Paleo Pumpkin Pie (gluten-free, dairy-free)
My Paleo Pumpkin Pie tastes unbelievably similar to a traditional pumpkin pie recipe. Yet this version is gluten-free and dairy-free. It’s a delicious little holiday dessert win!
The holidays are right around the corner and one of the things I look forward to most at Thanksgiving is pumpkin pie. A smooth and creamy pumpkin pie with the most golden, flakey and buttery crust. So guess what I have for you today? Yep, exactly that.
In addition to being absolutely delicious, this pumpkin pie is gluten-free, grain-free, dairy-free and refined sugar-free. Lot’s of “free” – but you’d never know it by tasting it. And that’s always my goal when I’m whipping up new recipes or modifying classic recipes.
We’re swapping sweetened condensed milk for coconut milk and refined sugar for maple syrup. But I believe the most important ingredient is always the pumpkin spice mix. And fresh is best. So if you’ve got a bottle of pumpkin spice mix that’s a few years old, you might want to ditch that and buy a new bottle.
Some folks who follow a paleo lifestyle will opt for a crustless pumpkin pie. And that’s because many paleo pumpkin pie options have crusts that are thick, dense and unpalatable. Or they simply crumble and fall apart the moment you slice into it.
But not here. This crust holds together and it’s deliciously flakey and golden. That’s because it’s just the right blend of cassava flour and almond flour.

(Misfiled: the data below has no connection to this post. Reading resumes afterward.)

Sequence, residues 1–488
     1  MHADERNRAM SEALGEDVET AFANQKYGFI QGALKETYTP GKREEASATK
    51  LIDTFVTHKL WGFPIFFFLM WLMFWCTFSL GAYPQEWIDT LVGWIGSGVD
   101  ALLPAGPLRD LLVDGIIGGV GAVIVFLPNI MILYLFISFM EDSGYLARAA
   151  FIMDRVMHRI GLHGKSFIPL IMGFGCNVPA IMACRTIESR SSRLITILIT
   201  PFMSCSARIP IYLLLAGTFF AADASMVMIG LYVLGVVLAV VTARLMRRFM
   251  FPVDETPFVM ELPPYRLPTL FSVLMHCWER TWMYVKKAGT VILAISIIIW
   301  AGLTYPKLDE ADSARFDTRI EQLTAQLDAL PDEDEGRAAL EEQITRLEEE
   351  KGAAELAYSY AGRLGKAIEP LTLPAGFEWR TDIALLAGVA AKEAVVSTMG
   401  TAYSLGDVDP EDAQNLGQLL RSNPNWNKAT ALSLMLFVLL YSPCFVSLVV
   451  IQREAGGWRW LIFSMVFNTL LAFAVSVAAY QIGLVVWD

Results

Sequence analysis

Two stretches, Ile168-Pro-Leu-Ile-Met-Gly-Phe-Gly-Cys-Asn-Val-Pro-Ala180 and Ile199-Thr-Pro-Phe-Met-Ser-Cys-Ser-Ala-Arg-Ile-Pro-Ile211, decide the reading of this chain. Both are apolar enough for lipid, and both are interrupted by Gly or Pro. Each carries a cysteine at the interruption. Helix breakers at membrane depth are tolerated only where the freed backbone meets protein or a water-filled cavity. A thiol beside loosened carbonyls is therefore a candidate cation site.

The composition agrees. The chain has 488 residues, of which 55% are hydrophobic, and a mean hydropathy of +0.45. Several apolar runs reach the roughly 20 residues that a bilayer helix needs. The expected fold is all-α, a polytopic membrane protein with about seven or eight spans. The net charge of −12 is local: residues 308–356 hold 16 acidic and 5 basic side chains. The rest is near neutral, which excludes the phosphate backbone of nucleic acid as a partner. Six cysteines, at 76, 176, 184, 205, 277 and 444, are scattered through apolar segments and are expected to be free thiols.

You can see from the photos that after making my dough I placed it straight into the baking pan, smushed it down with my fingers and then flattened it out with some parchment paper.
I was cooking several items simultaneously and literally had no countertop space to roll out the dough. But if you prefer to roll it out, go for it. I’d recommend placing the dough ball between two pieces of parchment paper and rolling about 3 inches wider than the width of your pan (or 5 inches for a deep dish pan).
How to Make Paleo Pumpkin Pie
So let’s dive into this recipe! Similar to any homemade pie recipe, this paleo pumpkin pie is really two parts – the crust and the filling.
To make the crust you’ll stir together the almond flour, cassava flour and salt in a mixing bowl. Then you’ll cut in the shortening or butter (it’s up to you) using a pastry cutter or your fingers until you have a crumbly mixture.
You’ll add one beaten egg and one tablespoon of water to the flour and knead it all together until you’ve got a ball of dough. To make the dough more workable, you’ll need to wrap the ball with plastic wrap and place in the fridge for at least one hour.
Once the dough has chilled you can roll it out between two pieces of parchment paper or use your fingers to smush it into a 9-inch pie pan, as I did above. Then poke the bottom with a fork a few times to make some holes.
You’ll then pre-cook the crust for 15 minutes in your pre-heated 350 degree fahrenheit oven, remove it and set it aside. Don’t forget this step. It’s imperative that the crust is pre-cooked to get that perfect texture.